2. Accounting Standards
A person/company with mine site closure and rehabilitation obligations may not provide for these obligations in the same way as other financial obligations (eg. debts and liabilities). Currently, the Australian Accounting Standards Board publishes Accounting Standards for future obligations to comply with the Corporations Act. However, the Standards do not apply specifically to mine site rehabilitation. Additionally, the financial information for mine site rehabilitation is not transparent in the Standards, which can reduce confidence that mine closure obligations will be met.
The Minister has asked the Committee to consider recommendations for amendments to the Accounting Standards to accommodate this concern.
3. Risks of duplication between State and Commonwealth legislation
In 2014, the WA and Australian Governments signed a Bilateral Agreement on Assessments to reduce duplication under the Environmental Protection Act 1986 (WA) and Environment Protection and Biodiversity Conservation Act 1999 (Cth). However, a Bilateral Agreement on Approvals cannot be finalised until the Commonwealth Act is amended. This highlights that there remain administrative burdens and costs to governments from overlapping approval requirements at the State and Federal levels.
What it means for you
Mining operators should seek advice and stay up to date on the possible changes to legislation that may result from these recommendations.
REGULATOR NEWS EPA POWER TO ENTER PREMISES VIA DRONES The NSW Government has amended the Protection of the Environment Operations Act 1997 (NSW) (POEO Act) to clarify that the NSW Environment Protection Authority (EPA) can enter and inspect premises via drones.
This amendment forms part of a suite of amendments that received asset on 1 June 2017 under the Protection of the Environment Legislation Miscellaneous Amendments Act 2017.
The POEO Act is amended by clarifying the definition of aircraft to include "a remotely piloted aircraft, an unmanned aircraft system or a drone". The EPA has the power under section 196 of the POEO Act to enter industrial, agricultural or commercial premises at which a pollution incident is suspected "by means of motor vehicle or other vehicle, or by an aircraft or vessel, or in any other manner."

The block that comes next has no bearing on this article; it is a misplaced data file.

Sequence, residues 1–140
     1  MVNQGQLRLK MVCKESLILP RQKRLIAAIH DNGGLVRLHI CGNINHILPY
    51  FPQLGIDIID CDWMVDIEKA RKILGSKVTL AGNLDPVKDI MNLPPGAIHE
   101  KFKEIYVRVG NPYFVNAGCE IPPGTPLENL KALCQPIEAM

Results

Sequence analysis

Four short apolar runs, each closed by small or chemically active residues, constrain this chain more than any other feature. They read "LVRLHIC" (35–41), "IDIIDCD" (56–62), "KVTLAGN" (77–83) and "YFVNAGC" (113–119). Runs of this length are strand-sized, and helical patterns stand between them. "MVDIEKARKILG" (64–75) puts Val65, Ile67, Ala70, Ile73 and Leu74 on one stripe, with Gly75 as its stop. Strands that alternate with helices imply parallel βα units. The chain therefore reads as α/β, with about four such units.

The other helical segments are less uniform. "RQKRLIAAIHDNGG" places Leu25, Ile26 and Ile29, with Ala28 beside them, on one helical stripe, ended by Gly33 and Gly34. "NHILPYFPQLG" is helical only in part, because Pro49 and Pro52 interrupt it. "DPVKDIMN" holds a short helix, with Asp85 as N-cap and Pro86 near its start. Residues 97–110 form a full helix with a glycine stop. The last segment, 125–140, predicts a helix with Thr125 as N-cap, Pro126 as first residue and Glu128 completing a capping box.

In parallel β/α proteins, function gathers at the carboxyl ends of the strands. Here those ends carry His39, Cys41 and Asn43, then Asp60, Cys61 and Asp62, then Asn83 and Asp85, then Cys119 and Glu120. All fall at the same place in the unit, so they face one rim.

The specific inclusion of drones in the definition of aircraft has the effect of confirming the EPA's very broad powers to enter and inspect premises. It also enables the EPA to use drones where it may be impractical or cost-prohibitive to otherwise enter and inspect the premises.
What it means for you
While the amendment has many benefits for the EPA in terms of cost and practicality, occupiers of potentially affected premises should consider the implications of these powers including what happens in situations where a drone may enter a premises and take photographs or video recordings without the knowledge of the occupiers.
In such a situation, the occupiers would not have the opportunity to exercise their rights to ask the EPA officer to identify themselves or determine
what in fact the EPA officer is investigating. However, the POEO Act does not override general privacy and surveillance legislation and, in many ways, entry into premises via a drone is no different to the EPA flying over a premises in a helicopter or other aircraft.
AUDIT REPORT INTO PERTH CHILDREN'S HOSPITAL RELEASED The Western Australia Building Commission has released its final report on compliance and conformance issues that arose during the construction of the new Perth Childrenâ€™s Hospital at the QEII Medical Centre site.
The audit was announced in July 2016 following the discovery of asbestos in unitised roof panels supplied and installed by Yuanda Australia Pty Ltd for principal contractor John Holland Pty Ltd.
The audit examined the actions of the registered and licensed contractors John Holland Pty Ltd (builder); Christopher Contracting (plumber); and Philip Chun (building surveyor); as well as looking into issues of public concern such as asbestos, plumbing (including lead contamination in the water), fire safety, and other issues.
A separate audit is assessing all Yuanda-supplied products and materials installed in other WA buildings.
The Report indicated that in relation to the specific terms of the audit it did not identify conduct that required immediate disciplinary action. However, it noted that "delayed completion, complaints, material failures and contractual disputes suggest that the registered building contractor may have failed to properly manage and supervise the project".
The Building Commission has also stated that it will continue to review evidence from this audit,
other inquiries and the resolution of disputes to determine whether any disciplinary action is required.
What it means for you
The Building Commission stated that the audit has highlighted the Australia-wide building industry issue of material and product non- compliance and non-conformance. It has also raised concerns about potential for wide reaching plumbing issues that may require regulatory changes.
As recommended by the report, building industry participants should implement thorough quality assurance and quality checking procedures when sourcing materials and components. It states that this will increase efficiency for the building industry and reduce the amount of time and resources spent on rectifying non-compliant or non-conforming building elements.